Mudlark Theater Company spring break camp empowers Evanston Latine youth

An illustration of a purple stage with curtains and two drama faces laughing and frowning.

Illustration by Anna Souter

Latinidades Spring Break Camp worked to provide culturally specific theater opportunities for Latine youth.

Martha Contreras, Reporter

At Latinidades Spring Break Camp last week, children ages 6 to 10 explored and affirmed their Latine identity through butterfly drawing and mirroring exercises.

The free, five-day camp is part of a year-long program created by the Mudlark Theater Company, an Evanston nonprofit that empowers children as artists. The program, which aims to provide theater opportunities for Latine youth in Evanston, is funded by a $47,000 grant from Northwestern’s Office of Neighborhood and Community Relations and is designed in collaboration with NU students and faculty. 

The program began Fall Quarter with a 12-session theatre workshop held at NU for middle and high school students. Mudlark also kicked off a bilingual theatre class in collaboration with Washington Elementary School’s dual-language Two-Way Immersion program. 

“The goal of that program is to create dual-fluency in the classroom and not have a bias toward one another but (to) have a supportive learning space,” Anastacia Narrajos, education manager at Mudlark, said. 

The spring break camp offered a culturally specific Latine lens for 21 elementary students — most of whom were Latine — to explore their own identities and stories. It also served for parents as a free childcare during the academic break. 

Narrajos said the camp aimed to create a supportive space for students to take ownership of and articulate their own stories locally, allowing them to come out of their shells while having fun.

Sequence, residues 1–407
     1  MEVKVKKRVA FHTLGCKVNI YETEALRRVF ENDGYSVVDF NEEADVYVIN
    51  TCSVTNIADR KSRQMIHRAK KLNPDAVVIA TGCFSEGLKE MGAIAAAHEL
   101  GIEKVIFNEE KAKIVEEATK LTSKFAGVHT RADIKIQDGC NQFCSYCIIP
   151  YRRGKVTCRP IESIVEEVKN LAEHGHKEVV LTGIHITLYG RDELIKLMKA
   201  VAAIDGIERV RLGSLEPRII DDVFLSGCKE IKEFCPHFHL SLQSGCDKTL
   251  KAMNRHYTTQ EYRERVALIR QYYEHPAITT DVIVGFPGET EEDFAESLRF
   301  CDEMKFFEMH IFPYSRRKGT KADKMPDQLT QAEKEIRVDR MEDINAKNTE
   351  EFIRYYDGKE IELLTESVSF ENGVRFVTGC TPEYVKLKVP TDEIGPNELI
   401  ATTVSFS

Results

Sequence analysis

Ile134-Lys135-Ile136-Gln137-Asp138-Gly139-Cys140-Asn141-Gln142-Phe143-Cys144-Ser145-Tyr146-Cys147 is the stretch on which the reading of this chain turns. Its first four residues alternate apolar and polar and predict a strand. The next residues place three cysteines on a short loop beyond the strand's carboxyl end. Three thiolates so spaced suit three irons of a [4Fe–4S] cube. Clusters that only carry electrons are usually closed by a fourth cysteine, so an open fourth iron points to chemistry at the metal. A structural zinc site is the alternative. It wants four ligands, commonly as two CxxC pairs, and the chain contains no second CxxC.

“I hope to find more ways to partner and work with the community, while changing the framework for why we do theater,” she said.

Latino and Latina Studies Prof. Myrna García said this free opportunity “removes barriers,” and honors historically free Latine labor — including the work she herself did for the Mudlark project.

García created the camp’s curriculum as an opportunity for students to see themselves. Each day had lesson plans and activities that highlighted five different themes. For example, the students discussed topics such as the importance of names, the meaning of community and the impact of migration during the camp. 

García emphasized the importance of co-collaboration for creating that curriculum, noting the help of Communication Prof. Henry Godinez and NU students, as well as input from middle and high school students who participated in the fall camp. 

“I’m not getting paid for this,” García said. “I’m doing it from mi corazón.” 

Weinberg sophomore Kelly Vogt helped design Latinidades’ programming and assisted artists in teaching for three of the five days.  

Vogt said she was moved by seeing people gain awareness about their Latinidad at such a young age, especially being half Mexican herself. 

“Seeing that awareness at seven is really special, and it heals a little bit of me. I never had that,” Vogt said. “They’re proud of it. You could see it.”

The 19-year-old also started helping Mudlark’s full-year theater program at Washington Elementary School in March, where she now works with third graders twice a week in similar activities. 

This spring, she also began taking García’s course Latino 391: Curandera Histories, Counter-Stories, & Knowledge, which is a companion course to the Latinx Mudlark Theatre Project. 

García said the class will teach students to think creatively on how they perceive their identities and express themselves while they create narratives and performances — just like the children at the camp. 

Vogt agreed, saying the class is already providing an opportunity for her to step out of her body and head through active exercises, a refreshing experience compared to her other NU classes. 

García said she is hoping for a grant renewal to run the yearlong program again next year. If not, she hopes to continue it by finding a deeper and more sustainable engagement with the community. 

“Here is a local opportunity. When we think about community engagement, it’s right here,” García said. “Latinx (people) are here in Evanston, and here is a space and dynamic that’s affirming.”

Email: [email protected] 

Twitter: @marthacontrerr 

Related Stories: 

Asian American, Latino and Latina Studies programs continue to push for departmentalization status

‘With specificity, there’s universality:’ Destinos uplifts and amplifies Latino voices

Juan Geracaris becomes the city’s first Latino councilmember